Canberra, Jan 27 (IANS) Australian Prime Minister Anthony Albanese has described opponents of the proposed Indigenous Voice to Parliament as radicals.
Albanese on Friday said the plan for recognition of Aboriginal and Torres Strait Islander people in the constitution has wide-reaching mainstream support, Xinhua News Agency reported.
A referendum will be held in 2023 on whether to enshrine the voice in the Australian constitution. If successful, the new body would advise the parliament on issues relating to Indigenous Australians.
However, some community leaders have called for Australians to vote against the proposal and for the government to instead prioritise a treaty with Indigenous peoples.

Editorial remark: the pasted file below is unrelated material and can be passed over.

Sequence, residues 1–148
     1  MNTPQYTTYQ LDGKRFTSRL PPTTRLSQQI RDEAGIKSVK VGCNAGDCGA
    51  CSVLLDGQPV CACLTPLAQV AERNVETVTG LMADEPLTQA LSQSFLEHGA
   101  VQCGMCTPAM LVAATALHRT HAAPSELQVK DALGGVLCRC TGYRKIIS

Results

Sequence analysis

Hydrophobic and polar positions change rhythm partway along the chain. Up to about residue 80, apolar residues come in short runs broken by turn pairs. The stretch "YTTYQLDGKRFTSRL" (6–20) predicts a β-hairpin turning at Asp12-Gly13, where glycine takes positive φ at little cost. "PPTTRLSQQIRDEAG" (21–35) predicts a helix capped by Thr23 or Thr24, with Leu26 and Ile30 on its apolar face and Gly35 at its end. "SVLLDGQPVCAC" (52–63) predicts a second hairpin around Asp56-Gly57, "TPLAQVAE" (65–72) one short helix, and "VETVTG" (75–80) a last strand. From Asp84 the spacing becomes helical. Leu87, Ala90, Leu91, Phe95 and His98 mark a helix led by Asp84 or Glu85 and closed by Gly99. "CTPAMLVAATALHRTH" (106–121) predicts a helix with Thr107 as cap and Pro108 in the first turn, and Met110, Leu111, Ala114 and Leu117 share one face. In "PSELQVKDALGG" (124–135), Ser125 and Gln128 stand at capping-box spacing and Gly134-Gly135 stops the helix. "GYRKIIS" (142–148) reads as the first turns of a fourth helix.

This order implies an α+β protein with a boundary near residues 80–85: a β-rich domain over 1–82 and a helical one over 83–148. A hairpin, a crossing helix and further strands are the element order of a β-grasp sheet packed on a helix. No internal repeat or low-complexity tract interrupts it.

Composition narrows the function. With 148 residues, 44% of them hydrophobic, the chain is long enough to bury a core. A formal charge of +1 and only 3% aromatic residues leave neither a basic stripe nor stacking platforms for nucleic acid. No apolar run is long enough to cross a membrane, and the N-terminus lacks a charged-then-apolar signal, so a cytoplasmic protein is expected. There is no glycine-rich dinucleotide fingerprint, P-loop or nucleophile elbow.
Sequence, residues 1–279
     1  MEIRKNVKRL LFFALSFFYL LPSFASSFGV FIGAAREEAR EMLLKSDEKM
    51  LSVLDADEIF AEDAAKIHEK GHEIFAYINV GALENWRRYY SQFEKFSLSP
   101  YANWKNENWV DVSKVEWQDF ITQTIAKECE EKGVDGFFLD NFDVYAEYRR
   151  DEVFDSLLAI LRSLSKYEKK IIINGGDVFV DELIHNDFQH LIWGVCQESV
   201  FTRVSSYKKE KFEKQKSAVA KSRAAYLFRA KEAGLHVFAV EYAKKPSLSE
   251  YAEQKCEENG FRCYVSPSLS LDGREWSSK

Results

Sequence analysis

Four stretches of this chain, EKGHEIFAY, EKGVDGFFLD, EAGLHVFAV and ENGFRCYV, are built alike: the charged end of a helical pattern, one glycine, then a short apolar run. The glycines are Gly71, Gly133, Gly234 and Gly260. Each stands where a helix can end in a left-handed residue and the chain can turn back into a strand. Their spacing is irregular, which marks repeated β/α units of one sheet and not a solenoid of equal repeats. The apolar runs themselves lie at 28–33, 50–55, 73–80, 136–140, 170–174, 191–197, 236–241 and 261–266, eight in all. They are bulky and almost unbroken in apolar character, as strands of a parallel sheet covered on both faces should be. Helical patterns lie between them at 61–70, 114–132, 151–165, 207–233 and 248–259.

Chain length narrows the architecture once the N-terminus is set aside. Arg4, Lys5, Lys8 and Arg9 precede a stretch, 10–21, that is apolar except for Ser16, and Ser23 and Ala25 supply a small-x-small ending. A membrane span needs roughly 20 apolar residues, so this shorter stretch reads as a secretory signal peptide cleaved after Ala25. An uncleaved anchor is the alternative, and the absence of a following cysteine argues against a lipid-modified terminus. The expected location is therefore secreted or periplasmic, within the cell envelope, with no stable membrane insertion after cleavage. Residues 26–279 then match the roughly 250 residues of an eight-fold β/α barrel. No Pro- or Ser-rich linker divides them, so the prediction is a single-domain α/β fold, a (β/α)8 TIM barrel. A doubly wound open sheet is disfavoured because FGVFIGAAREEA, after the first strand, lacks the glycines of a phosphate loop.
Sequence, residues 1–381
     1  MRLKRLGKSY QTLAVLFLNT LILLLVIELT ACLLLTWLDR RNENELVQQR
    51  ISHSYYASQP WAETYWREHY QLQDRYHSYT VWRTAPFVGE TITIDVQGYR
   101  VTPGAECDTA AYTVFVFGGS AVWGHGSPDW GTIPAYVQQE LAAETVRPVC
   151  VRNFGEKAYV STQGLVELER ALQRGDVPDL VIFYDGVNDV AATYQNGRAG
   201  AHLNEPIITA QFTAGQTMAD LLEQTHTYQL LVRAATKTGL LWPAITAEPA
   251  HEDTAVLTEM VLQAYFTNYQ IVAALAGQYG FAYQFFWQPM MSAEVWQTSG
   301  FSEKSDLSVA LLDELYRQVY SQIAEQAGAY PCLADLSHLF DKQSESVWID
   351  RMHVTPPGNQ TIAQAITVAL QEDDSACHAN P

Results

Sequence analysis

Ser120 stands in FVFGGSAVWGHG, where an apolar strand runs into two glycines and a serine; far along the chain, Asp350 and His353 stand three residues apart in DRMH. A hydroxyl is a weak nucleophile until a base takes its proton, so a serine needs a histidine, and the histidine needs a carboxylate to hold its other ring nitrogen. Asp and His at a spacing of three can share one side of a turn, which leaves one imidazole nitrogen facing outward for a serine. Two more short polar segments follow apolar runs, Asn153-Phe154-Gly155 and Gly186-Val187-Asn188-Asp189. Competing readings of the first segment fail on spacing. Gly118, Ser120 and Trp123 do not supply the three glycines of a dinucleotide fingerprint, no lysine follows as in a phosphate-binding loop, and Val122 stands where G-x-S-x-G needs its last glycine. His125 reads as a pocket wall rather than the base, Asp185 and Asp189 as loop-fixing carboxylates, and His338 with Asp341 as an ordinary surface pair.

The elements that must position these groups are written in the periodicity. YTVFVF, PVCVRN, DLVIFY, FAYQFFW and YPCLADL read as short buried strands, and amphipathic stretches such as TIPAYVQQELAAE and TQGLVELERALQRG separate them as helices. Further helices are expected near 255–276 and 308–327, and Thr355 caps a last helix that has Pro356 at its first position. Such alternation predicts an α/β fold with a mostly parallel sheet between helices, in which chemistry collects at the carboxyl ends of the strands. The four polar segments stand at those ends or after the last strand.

Responding to the opposition, Albanese said his government would continue to consult with the public before holding the referendum.
“Across the country, every state premier, every chief minister, is supporting yes at this referendum because this is about progress going forward. It is about reconciliation,” he told reporters.
“I’m not surprised that some radicals are opposed to it. Because this is a mainstream proposition. This is a modest and gracious request for reconciliation by Aboriginal and Torres Strait Islander people.”
According to polling conducted by the Referendum Working Group, 80 per cent of Indigenous Australians support the proposal.
In order to be successful, a referendum must achieve a simple majority of voters nationally as well as a majority in at least four of the six states.
With the referendum set for the second half of the year, Albanese said there was time for Australians to become informed before voting.